The documentary was so masterful in using time that, by the end, the flashing of dates at the bottom of the screen MEANT SOMETHING. I wouldn't normally see a date flashed on the bottom of the screen and feel something. Let's be honest. It's the only movie where, more than once, a date flashed on screen and I said, "No fucking way."
Time can work for or against a storyteller, and the storytellers in this case tamed time and made it do their work.
Good use of time is good storytelling.
Strong A and B Stories
The Steve Avery story is strong, and it's gotten a lot of attention, but it's my opinion that the B story, Brendan Dassey and his parallel murder trial, is even more heartbreaking.
With the Steve Avery story, we got something that made us think. You really do wonder if Avery was framed. You wonder what happened to the victim, Teresa Halbach.
With the Brendan Dassey story, we saw something truly, undeniably heartwrenching. A young, low-I.Q. boy is forced into a confession by police, and it's hard to watch the series without feeling like the kid is being railroaded. You watch when Brendan calls himself dumb over and over. You watch him talk about how he was self-conscious about being fat. You watch this kid talk about all these teenage things in front of the whole world.
What is sometimes forgotten with A and B stories is that they can be closely-related and still do different things. The A plot in Making A Murderer engages the mind, and the B plot punches you in the stomach. The way in which the two stories were presented as separate, distinct threads that intertwine, is strong storytelling technique and certainly part of what pulled viewers along.
Good balancing of A and B plots is good storytelling.
No doubt, this is a story for our time.
It's interesting to watch the way in which prosecutor Ken Kratz uses the unassailability of police officers as evidence throughout the case.
In 2005, when the case occurred, we were living in a different world. Certainly a small, 94% white community would have a strong reaction to the implication that police might be wrong in 2005.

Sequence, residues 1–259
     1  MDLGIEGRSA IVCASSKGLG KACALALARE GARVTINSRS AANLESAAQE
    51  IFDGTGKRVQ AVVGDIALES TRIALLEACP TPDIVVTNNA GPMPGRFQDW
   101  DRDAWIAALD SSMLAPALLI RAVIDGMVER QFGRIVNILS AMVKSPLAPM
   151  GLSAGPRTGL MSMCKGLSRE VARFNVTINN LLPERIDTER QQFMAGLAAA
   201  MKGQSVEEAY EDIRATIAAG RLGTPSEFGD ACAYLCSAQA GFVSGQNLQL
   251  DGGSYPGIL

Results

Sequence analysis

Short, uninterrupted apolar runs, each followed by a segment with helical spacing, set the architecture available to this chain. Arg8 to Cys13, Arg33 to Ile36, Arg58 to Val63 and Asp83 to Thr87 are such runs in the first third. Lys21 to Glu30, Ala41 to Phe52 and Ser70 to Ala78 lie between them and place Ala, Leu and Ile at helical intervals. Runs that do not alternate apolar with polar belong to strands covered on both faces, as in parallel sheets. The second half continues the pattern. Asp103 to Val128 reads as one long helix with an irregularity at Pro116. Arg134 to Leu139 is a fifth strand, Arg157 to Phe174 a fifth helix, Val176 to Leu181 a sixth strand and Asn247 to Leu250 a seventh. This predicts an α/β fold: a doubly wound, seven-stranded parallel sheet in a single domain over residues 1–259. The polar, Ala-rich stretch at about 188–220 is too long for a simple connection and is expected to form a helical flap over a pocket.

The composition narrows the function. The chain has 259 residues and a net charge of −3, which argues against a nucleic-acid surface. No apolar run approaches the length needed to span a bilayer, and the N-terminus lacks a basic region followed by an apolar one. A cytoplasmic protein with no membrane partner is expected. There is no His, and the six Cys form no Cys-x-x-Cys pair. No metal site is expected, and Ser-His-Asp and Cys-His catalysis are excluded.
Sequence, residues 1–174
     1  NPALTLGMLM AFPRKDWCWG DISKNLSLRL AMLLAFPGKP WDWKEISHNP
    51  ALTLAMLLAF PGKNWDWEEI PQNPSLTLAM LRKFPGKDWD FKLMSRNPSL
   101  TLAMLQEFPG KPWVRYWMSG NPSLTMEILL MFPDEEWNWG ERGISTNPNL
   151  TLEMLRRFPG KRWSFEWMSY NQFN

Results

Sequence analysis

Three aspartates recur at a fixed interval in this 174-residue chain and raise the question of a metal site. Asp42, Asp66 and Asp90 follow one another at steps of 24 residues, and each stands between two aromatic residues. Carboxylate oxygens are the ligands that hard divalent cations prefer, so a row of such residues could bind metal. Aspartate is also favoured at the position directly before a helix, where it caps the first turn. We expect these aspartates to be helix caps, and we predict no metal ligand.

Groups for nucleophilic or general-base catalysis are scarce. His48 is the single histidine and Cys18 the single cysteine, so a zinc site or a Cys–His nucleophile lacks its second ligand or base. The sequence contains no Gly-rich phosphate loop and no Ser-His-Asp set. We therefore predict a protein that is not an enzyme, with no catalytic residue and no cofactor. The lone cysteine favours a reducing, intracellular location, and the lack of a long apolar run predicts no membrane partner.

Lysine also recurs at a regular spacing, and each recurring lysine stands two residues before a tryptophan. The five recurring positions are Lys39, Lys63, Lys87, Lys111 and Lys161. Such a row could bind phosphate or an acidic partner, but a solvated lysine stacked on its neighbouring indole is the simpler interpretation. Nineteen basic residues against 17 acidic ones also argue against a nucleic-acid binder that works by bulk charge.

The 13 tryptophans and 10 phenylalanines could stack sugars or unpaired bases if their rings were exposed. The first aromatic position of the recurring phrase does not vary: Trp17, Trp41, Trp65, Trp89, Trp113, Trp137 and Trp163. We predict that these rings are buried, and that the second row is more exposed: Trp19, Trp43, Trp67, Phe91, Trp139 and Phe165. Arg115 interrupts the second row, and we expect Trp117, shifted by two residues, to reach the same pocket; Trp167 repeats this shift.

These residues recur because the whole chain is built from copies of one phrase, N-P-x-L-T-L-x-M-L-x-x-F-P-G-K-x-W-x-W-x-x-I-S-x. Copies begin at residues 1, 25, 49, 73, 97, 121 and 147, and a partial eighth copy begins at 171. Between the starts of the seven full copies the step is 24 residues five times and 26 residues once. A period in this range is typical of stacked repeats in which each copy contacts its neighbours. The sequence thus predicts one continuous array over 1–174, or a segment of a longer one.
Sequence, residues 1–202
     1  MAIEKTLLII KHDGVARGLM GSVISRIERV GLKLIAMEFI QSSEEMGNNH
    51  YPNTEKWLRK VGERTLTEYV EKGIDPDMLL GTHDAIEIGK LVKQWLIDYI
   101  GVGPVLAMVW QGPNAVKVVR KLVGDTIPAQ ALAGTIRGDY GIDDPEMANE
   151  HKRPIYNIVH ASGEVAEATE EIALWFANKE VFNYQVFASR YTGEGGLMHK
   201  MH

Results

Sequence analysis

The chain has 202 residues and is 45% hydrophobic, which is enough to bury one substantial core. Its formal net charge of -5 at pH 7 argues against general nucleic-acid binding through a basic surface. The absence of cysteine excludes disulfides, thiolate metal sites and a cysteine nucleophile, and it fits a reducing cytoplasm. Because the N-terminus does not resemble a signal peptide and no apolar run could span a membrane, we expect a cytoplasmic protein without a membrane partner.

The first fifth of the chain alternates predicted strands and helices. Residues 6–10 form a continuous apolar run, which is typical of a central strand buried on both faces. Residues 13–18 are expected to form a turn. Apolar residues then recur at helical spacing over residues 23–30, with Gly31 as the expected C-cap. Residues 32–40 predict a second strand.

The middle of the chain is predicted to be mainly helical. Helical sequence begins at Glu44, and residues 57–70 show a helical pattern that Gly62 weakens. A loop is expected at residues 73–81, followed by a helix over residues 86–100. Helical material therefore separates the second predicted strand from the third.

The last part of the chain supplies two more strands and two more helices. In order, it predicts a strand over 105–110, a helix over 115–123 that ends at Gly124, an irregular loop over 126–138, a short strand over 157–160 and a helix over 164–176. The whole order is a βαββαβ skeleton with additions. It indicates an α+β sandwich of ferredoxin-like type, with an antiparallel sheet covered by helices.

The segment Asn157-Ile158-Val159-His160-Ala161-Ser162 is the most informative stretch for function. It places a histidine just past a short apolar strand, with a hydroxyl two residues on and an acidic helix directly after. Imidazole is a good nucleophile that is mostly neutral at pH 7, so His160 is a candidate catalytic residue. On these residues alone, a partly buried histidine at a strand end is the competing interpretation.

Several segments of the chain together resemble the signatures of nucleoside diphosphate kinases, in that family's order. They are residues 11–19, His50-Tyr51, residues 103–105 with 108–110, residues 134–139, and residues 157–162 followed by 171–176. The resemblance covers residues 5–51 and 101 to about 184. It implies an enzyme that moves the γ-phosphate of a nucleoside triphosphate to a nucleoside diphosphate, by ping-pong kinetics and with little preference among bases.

But in 2015 and 2016, and in the wider world, feelings are different.
Police are no longer the perfect, always-honest folks we thought. Or at the very least, that status has come into question.
Anyone who has told a story at the wrong time knows how much timeliness counts. You have to wait for your moment. You don't, for instance, go on a date, and just before dinner arrives at the table, tell your date about the time the Dave Matthews tour bus dumped sewage off a bridge, drenching a boatload of sightseers in Chicago.
Good timing is good storytelling.
We Are Not Left With Answers
Making A Murderer is a twist on the mystery story. Rather than a whodunit, we have a whodidn'tdunit. This leaves the wild conjecture and internet sleuthing (aka "The Fun Parts) to the audience.
It's an interesting choice, shying away from making statements and putting forth suspects. But I think it's an important one.
The filmmakers were trying to make a good documentary, and they were also trying to get people talking about this strange, unfair, unjust case. It's my opinion that the way in which this story was told leaves a whole lot for everyone else to talk about.
The filmmakers said their piece, and now they're letting the world take it from here.
They wanted to make something great, and they wanted people to talk about it.
A story that accomplishes its goals is always the result of good storytelling.
What do you think? Did Making A Murderer work for you?